Last week, the city council—the majority of whom ran as progressives, pledging to address Minneapolis’ atrocious racial disparities—made drastic cuts to racial equity programs and the clean energy partnership. On Wednesday, December 10, at 6 pm, the council will vote on a final budget and whether to reinstate these cuts.
We’ve seen this pattern before. At all levels of government, a myth of scarcity tells low-income people and people of color that there just aren’t enough resources for us. We know that’s not true, and this “latte levy,” cutting property taxes a ridiculous $2.50/year for the average homeowner, illustrates it perfectly. We don’t have to choose between affordable housing, clean energy, and racial equity programs. We can create a Minneapolis that works for everyone. But it might mean some homeowners have to give up a latte.
Please call your council member and tell them to reinstate funding for racial equity and clean energy. You can find more info on how to call your council member here. Then please join us for the public hearing tomorrow at City Hall. Meanwhile, here's more info about the proposed cuts.
One Minneapolis Fund
The City Council voted to cut $180,000 from the One Minneapolis Fund, which supports leadership development and civic engagement in communities of color, actively working toward building a more inclusive Minneapolis. In 2014, One Minneapolis received $500,000 in grant requests, only $62,000 of which was funded. Mayor Hodges proposed increasing its funding to $212,000 in 2015--but the Council has now slashed it to $32,000.
Organizations that have received this funding include the Lao Assistance Center, Waite House, and the Conflict Resolution Center--organizations rooted in communities of color that can identify, define, and address their own leadership development needs with measurable results. The One Minneapolis Fund, by providing resources to community organizations for grassroots leadership development, is an important beginning step to investing in our emerging leaders.
Clean Energy Partnership
Twin Cities delegation to the People's Climate March in New York in September.
The City Council voted to cut $75,000 of $150,000 for the innovative Clean Energy Partnership, the first-in-the-nation agreement between a municipality and utility companies to work toward greenhouse gas emission goals. This pioneering, first-of-its-kind partnership came about after a long campaign with Minneapolis Energy Options, in which NOC was a partner, to develop an alternative to corporate control over our energy sources. Cutting this funding will mean the city will not be able to hire a staff person to implement the partnership. This partnership represents $450 million in annual citywide energy expenses in Minneapolis. These are funds that could be used to drive clean energy job creation, offset energy costs for low-income families, and pioneer a new energy future.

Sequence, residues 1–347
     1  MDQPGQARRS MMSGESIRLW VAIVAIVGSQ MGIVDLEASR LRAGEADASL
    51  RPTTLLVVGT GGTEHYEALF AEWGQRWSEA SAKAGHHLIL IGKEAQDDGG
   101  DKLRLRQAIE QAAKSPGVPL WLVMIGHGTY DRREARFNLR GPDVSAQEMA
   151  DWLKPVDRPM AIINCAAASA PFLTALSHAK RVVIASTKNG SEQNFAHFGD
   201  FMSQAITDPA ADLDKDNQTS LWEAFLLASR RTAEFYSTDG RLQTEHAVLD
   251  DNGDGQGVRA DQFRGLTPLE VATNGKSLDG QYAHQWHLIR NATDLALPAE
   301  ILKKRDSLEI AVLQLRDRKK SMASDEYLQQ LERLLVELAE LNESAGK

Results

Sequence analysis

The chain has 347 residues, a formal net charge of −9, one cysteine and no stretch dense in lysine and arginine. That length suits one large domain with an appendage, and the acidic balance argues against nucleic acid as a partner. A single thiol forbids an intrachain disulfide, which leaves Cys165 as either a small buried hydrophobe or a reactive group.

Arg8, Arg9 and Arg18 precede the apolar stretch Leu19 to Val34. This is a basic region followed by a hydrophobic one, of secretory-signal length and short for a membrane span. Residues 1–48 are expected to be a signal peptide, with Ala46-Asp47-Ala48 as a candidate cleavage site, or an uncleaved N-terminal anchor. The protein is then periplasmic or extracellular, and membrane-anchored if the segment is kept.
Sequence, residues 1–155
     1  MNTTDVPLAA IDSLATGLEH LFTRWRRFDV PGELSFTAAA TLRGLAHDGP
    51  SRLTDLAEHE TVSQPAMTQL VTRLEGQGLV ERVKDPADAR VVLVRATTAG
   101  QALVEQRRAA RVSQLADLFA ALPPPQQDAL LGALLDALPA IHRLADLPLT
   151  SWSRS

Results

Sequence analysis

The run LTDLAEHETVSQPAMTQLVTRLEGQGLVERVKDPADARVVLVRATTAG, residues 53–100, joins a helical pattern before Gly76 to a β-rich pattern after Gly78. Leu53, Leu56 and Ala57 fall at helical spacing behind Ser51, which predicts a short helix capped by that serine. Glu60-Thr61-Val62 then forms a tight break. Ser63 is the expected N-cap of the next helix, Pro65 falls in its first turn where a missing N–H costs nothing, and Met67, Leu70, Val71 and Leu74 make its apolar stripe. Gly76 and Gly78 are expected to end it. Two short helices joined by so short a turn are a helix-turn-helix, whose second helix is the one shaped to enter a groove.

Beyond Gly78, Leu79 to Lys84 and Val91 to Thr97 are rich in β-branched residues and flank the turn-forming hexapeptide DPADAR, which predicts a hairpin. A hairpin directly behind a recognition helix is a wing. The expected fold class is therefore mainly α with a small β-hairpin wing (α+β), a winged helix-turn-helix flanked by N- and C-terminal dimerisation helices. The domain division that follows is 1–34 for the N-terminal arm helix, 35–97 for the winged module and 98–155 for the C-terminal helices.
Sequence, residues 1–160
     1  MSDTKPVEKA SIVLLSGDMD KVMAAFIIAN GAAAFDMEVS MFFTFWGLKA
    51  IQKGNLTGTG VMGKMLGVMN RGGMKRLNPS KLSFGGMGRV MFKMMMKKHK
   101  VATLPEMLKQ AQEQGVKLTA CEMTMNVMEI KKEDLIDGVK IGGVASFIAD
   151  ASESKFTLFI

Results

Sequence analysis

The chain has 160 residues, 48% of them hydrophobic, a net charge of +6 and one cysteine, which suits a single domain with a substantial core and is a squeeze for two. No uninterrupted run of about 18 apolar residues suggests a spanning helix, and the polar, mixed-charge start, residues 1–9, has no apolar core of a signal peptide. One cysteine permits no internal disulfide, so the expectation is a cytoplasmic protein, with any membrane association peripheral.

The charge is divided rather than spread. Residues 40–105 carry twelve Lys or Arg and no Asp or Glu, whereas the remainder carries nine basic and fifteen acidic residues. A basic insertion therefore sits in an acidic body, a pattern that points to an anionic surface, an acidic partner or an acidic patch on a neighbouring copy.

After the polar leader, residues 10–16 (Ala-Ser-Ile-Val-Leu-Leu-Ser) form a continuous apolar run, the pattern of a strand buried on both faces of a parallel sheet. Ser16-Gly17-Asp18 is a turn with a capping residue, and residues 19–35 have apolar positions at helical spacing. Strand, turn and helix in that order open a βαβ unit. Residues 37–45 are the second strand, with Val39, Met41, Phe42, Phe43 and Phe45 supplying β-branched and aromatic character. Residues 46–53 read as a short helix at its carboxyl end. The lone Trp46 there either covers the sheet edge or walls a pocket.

The clean energy partnership is a critical issue to environmental justice. As the Washington Post detailed this week, the racial divide in this country is so deep that black and white people actually breathe different air. One example the Post cites is that in communities of color, “levels of nitrogen dioxide, a common pollutant associated with asthma and heart disease, are 38 percent higher than in the air whites breathe.” In Minneapolis, we’ve successfully fought to keep the HERC incinerator, which blows dangerous toxins into north Minneapolis and the Phillips neighborhood in south Minneapolis, from expanding. But it’s still there polluting our communities. We need energy sources that don’t shorten our lives. The clean energy partnership is a crucial opportunity to build clean energy alternatives, making clean energy accessible to everyone, not just those who can afford it.
NOC meeting/action this Saturday with 400 community members demanding police accountability and racial equity.
The City Council voted to cut $125,000 to counseling and outreach programs to homeowners in communities of color. We know the banks systematically prey on homeowners of color. A University of Minnesota study this spring showed that in the Twin Cities, banks are systematically redlining homeowners in communities of color looking to buy new homes or refinance. In the absence of bold action to hold the banks accountable for their role in decimating the wealth of communities of color, the city council’s actions to cut the limited homeownership counseling and outreach programs that exist are absurdly conservative.